Monetisation of personal information: technology, policies and regulatory framework

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  • Topic: Identity management, Developing country, Identity management systems
  • Pages : 2 (587 words )
  • Download(s) : 84
  • Published : January 24, 2014
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Data monetization can be described as a process of transforming data objects into commodities others will be prepared to pay a premium for (Perler, 2012). This concept of monetisation is rooted in the value placed on minerals like gold and diamonds, because of their intrinsic values. Thus, things possessing no intrinsic value or intrinsically worthless items could also be monetised or transformed into a legitimate money making venture, provided the holder is capable of providing the services others want, or if the holder of such information can add value to such information. Effective management of personal identity information is making it increasingly possible to track and trace individuals’ preferences and social connections. Thus, personal information can plays a pivotal role in facilitating contemporary business transactions and social interactions, if the factors that account for its optimal take-off are properly addressed. This study focuses on understanding major technological and regulator imperatives in the monetisation of personal identity information stored by government agencies. The 2012 global information technology report (Dutta & Bilbao-Osorio, 2012) rated Ghana and many African countries at the lowest in all the indices. For instance Ghana was ranked 97th out of the 142 countries covered whilst the top 20 positions were all occupied by either European or OECD countries. Credential Issuers in Ghana and many developing economies (acting as identity providers1) implement Identity Management Systems (IDMS) primarily to facilitate the discharge of their primary constitutional obligation – e.g. voters’ identity cards are used for electoral purposes. Besides these primary functions, personal identity information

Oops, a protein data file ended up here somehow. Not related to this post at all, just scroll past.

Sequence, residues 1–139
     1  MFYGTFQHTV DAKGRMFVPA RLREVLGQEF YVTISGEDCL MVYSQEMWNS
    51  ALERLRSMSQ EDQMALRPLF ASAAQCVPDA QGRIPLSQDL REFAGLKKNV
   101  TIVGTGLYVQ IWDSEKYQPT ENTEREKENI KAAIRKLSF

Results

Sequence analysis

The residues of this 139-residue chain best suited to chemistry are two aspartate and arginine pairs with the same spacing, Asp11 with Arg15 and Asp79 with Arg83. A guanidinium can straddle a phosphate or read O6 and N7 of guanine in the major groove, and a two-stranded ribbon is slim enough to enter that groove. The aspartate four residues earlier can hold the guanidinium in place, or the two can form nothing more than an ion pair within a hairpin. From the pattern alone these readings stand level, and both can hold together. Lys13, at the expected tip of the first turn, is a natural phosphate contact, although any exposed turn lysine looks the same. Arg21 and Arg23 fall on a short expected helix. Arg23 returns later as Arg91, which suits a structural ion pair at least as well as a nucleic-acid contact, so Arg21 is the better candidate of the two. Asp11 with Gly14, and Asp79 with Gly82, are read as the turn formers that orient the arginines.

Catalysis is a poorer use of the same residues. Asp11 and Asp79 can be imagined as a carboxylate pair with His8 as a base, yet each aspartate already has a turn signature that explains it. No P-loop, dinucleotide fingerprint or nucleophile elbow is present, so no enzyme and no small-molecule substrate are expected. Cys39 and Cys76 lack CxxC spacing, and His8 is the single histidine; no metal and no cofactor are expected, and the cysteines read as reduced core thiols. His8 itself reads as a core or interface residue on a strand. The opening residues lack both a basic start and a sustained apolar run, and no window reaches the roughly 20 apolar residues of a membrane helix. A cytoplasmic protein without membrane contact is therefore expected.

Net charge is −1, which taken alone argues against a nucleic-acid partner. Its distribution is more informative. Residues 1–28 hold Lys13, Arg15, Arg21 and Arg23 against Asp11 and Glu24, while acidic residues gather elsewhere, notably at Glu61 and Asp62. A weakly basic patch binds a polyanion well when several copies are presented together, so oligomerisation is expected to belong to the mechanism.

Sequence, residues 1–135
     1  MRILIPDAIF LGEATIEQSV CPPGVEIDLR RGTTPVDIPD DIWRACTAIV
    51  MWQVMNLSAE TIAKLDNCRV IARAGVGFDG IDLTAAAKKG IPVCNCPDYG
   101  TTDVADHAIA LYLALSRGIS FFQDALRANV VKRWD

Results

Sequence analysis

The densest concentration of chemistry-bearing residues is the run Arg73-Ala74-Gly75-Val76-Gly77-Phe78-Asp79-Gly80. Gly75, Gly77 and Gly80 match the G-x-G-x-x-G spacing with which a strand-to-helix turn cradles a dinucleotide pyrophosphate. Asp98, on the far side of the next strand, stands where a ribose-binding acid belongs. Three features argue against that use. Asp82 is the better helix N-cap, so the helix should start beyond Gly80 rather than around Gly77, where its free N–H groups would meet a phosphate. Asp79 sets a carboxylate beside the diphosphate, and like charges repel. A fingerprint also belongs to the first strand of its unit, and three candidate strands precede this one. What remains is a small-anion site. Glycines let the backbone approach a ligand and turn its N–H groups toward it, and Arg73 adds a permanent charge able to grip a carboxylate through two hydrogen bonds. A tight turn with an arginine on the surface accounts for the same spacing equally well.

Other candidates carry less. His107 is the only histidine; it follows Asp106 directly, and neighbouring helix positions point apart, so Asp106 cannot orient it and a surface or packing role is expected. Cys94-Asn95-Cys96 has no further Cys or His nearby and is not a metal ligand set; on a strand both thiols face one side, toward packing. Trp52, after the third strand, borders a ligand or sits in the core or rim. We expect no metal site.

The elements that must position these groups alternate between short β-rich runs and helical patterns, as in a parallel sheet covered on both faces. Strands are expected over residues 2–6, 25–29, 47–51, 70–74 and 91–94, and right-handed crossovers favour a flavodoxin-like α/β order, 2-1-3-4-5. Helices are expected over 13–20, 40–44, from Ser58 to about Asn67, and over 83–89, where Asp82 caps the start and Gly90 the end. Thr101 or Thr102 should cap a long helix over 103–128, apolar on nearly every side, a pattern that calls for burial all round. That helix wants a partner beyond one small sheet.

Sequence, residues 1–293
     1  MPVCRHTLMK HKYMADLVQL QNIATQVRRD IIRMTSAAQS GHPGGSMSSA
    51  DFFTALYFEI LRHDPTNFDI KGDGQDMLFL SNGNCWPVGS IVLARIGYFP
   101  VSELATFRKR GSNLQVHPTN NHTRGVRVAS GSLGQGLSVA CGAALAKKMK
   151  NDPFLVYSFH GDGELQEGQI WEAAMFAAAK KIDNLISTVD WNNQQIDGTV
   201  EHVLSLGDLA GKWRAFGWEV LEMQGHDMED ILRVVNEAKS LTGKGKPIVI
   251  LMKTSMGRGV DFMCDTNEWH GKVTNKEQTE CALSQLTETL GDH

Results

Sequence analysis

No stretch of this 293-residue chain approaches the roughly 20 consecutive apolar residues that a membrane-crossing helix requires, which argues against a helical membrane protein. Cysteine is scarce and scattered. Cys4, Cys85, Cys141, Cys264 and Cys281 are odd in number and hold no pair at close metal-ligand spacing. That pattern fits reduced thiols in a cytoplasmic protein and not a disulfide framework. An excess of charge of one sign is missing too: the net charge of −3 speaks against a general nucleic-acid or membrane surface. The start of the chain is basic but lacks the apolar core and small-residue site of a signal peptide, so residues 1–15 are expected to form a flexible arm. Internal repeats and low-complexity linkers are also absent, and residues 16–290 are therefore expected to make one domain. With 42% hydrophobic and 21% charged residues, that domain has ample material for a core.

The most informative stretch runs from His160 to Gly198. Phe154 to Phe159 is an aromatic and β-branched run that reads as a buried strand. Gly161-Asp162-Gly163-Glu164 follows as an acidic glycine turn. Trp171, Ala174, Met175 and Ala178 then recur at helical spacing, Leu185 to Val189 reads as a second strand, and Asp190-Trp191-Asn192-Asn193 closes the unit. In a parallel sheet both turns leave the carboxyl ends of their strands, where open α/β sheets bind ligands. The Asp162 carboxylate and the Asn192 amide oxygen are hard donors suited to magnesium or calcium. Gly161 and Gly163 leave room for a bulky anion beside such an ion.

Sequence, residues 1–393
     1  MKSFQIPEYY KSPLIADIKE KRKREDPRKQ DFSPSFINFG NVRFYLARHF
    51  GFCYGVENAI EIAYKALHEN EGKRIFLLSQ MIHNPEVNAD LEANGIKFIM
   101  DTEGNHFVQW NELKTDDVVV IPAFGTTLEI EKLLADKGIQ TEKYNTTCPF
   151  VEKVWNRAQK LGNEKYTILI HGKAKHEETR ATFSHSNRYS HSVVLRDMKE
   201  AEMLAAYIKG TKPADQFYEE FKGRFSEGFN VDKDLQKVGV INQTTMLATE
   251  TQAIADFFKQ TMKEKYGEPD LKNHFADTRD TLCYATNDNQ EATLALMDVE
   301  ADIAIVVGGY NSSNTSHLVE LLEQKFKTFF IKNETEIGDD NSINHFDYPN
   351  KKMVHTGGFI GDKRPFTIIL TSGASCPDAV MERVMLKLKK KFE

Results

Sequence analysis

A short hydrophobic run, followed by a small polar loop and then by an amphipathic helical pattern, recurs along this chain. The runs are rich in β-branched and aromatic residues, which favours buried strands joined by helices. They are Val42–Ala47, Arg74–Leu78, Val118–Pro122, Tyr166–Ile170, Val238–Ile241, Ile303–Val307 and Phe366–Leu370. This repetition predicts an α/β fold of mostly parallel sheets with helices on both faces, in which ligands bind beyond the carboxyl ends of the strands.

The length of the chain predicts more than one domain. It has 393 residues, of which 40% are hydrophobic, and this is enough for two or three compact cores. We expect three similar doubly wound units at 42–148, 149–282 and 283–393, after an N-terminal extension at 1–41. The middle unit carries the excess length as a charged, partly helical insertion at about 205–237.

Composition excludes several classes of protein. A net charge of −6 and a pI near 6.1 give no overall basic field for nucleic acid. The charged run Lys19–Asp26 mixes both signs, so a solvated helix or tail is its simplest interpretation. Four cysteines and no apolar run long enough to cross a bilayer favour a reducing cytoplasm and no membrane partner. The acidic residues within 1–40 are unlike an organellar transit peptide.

collected and stored by such government agencies are usually made redundant. For instance banks and even hospitals are currently unable to verify in real time, the identity credentials presented by customers and patients. In spite of the...
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